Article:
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34 - Influenza

from Part I - Systems

Published online by Cambridge University Press:  15 December 2009

Asim A. Jani
Affiliation:
Assistant Director, Infectious Diseases Fellowship Program, Orlando Regional Healthcare, Orlando, FL
Timothy M. Uyeki
Affiliation:
Assistant Clinical Professor of Pediatrics, University of California, San Francisco School of Medicine, San Francisco, CA, Deputy Chief, Epidemiology and Prevention Branch, Influenza Division, National Center for Immunization and Respiratory Diseases, Centers for Disease Control and Prevention, Atlanta, GA
Rachel L. Chin
Affiliation:
University of California, San Francisco
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Summary

INTRODUCTION

Influenza is an acute respiratory disease caused by influenza viruses transmitted primarily by droplets expelled during coughing and sneezing. Influenza type A and B virus infections can cause substantial human disease and mortality worldwide. Patients present with variable signs and symptoms depending on age and the presence of underlying chronic disease. Seasonal winter influenza epidemics in temperate countries can have a substantial impact on the emergency department (ED), but travelers may present with influenza illness acquired in other countries year-round. Rarely, the emergence of a novel influenza A subtype virus can lead to a global influenza pandemic.

Influenza viruses are single-stranded negative sense RNA viruses of the family Orthomyxoviridae. Three types (A, B, and C) of influenza viruses infect humans. Type A and B viruses are known to cause significant human disease. The genome contains eight gene segments that code for 11 proteins, including the two main surface glycoproteins, hemagglutinin (HA) and neuraminidase (NA). Type A viruses are further classified into subtypes based on their HA and NA proteins. Currently circulating human influenza A subtypes include A (H1N1) and A (H3N2) viruses. Human influenza viruses bind to and replicate primarily in epithelial cells of the upper respiratory tract.

Influenza viruses are evolving continuously through a process called “antigenic drift” in which random point mutations in the HA gene result in changes to the HA surface protein.

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Publisher: Cambridge University Press
Print publication year: 2008

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References

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  • Influenza
    • By Asim A. Jani, Assistant Director, Infectious Diseases Fellowship Program, Orlando Regional Healthcare, Orlando, FL, Timothy M. Uyeki, Assistant Clinical Professor of Pediatrics, University of California, San Francisco School of Medicine, San Francisco, CA, Deputy Chief, Epidemiology and Prevention Branch, Influenza Division, National Center for Immunization and Respiratory Diseases, Centers for Disease Control and Prevention, Atlanta, GA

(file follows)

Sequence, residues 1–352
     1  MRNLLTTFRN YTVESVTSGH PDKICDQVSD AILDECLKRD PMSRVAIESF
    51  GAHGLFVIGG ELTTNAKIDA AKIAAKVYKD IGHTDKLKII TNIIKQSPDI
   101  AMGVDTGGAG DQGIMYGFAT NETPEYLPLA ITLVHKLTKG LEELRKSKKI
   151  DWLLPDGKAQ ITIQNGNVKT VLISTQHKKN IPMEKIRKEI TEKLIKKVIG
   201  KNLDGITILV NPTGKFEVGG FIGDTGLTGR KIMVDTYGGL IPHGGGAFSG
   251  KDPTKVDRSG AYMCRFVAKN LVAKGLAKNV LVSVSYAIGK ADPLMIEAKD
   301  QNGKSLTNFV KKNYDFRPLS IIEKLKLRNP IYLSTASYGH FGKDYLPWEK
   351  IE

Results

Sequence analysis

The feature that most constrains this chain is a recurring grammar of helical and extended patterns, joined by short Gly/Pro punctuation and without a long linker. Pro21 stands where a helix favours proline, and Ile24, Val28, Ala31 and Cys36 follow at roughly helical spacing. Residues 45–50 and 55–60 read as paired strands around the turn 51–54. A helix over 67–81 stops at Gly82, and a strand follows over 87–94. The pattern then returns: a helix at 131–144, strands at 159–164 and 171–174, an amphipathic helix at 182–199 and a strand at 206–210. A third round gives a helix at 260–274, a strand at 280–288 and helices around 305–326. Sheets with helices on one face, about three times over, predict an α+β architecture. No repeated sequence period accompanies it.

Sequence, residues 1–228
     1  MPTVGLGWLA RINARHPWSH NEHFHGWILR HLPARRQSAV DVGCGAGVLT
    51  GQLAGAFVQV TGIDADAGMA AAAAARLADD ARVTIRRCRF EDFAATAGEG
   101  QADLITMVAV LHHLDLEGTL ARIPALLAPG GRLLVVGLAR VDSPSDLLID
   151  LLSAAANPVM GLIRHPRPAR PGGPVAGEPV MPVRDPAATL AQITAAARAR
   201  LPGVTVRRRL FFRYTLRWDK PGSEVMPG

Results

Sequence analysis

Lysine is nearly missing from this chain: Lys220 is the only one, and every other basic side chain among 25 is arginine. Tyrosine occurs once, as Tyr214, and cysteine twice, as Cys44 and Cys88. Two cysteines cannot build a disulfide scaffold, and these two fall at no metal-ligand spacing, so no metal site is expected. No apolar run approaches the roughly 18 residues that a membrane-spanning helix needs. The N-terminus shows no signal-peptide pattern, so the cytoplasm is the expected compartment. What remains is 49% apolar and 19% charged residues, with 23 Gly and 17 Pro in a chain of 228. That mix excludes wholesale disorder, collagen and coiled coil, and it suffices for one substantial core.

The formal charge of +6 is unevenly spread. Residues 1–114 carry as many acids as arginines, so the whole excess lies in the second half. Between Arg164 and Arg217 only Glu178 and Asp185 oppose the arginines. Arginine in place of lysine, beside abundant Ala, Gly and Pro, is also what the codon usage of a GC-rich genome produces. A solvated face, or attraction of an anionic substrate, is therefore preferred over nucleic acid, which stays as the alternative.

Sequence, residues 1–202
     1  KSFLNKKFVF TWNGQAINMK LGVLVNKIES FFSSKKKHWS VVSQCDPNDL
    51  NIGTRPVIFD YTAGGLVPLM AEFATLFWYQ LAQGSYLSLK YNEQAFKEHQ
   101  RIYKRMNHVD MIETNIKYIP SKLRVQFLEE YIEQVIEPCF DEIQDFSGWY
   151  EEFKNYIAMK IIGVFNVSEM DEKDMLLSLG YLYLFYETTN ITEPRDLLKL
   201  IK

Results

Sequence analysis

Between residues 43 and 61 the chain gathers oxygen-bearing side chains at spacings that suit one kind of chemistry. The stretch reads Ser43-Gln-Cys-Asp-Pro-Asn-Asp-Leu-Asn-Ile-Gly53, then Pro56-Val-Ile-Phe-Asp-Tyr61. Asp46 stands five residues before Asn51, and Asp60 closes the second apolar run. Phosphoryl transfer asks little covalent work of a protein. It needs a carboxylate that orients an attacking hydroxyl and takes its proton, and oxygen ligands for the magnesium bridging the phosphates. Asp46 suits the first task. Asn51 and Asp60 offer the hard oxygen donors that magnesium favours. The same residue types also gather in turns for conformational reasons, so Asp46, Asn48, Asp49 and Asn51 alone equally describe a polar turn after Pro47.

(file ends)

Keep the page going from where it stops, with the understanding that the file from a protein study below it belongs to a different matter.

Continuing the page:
• Edited by Rachel L. Chin, University of California, San Francisco
  • Book: Emergency Management of Infectious Diseases
  • Online publication: 15 December 2009
  • Chapter DOI: https://doi.org/10.1017/CBO9780511547454.035
Available formats
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Save book to Dropbox

To save content items to your account, please confirm that you agree to abide by our usage policies. If this is the first time you use this feature, you will be asked to authorise Cambridge Core to connect with your account. Find out more about saving content to Dropbox.

  • Influenza
    • By Asim A. Jani, Assistant Director, Infectious Diseases Fellowship Program, Orlando Regional Healthcare, Orlando, FL, Timothy M. Uyeki, Assistant Clinical Professor of Pediatrics, University of California, San Francisco School of Medicine, San Francisco, CA, Deputy Chief, Epidemiology and Prevention Branch, Influenza Division, National Center for Immunization and Respiratory Diseases, Centers for Disease Control and Prevention, Atlanta, GA
  • Edited by Rachel L. Chin, University of California, San Francisco
  • Book: Emergency Management of Infectious Diseases
  • Online publication: 15 December 2009
  • Chapter DOI: https://doi.org/10.1017/CBO9780511547454.035
Available formats
×

Save book to Google Drive

To save content items to your account, please confirm that you agree to abide by our usage policies. If this is the first time you use this feature, you will be asked to authorise Cambridge Core to connect with your account. Find out more about saving content to Google Drive.

  • Influenza
    • By Asim A. Jani, Assistant Director, Infectious Diseases Fellowship Program, Orlando Regional Healthcare, Orlando, FL, Timothy M. Uyeki, Assistant Clinical Professor of Pediatrics, University of California, San Francisco School of Medicine, San Francisco, CA, Deputy Chief, Epidemiology and Prevention Branch, Influenza Division, National Center for Immunization and Respiratory Diseases, Centers for Disease Control and Prevention, Atlanta, GA
  • Edited by Rachel L. Chin, University of California, San Francisco
  • Book: Emergency Management of Infectious Diseases
  • Online publication: 15 December 2009
  • Chapter DOI: https://doi.org/10.1017/CBO9780511547454.035
Available formats
×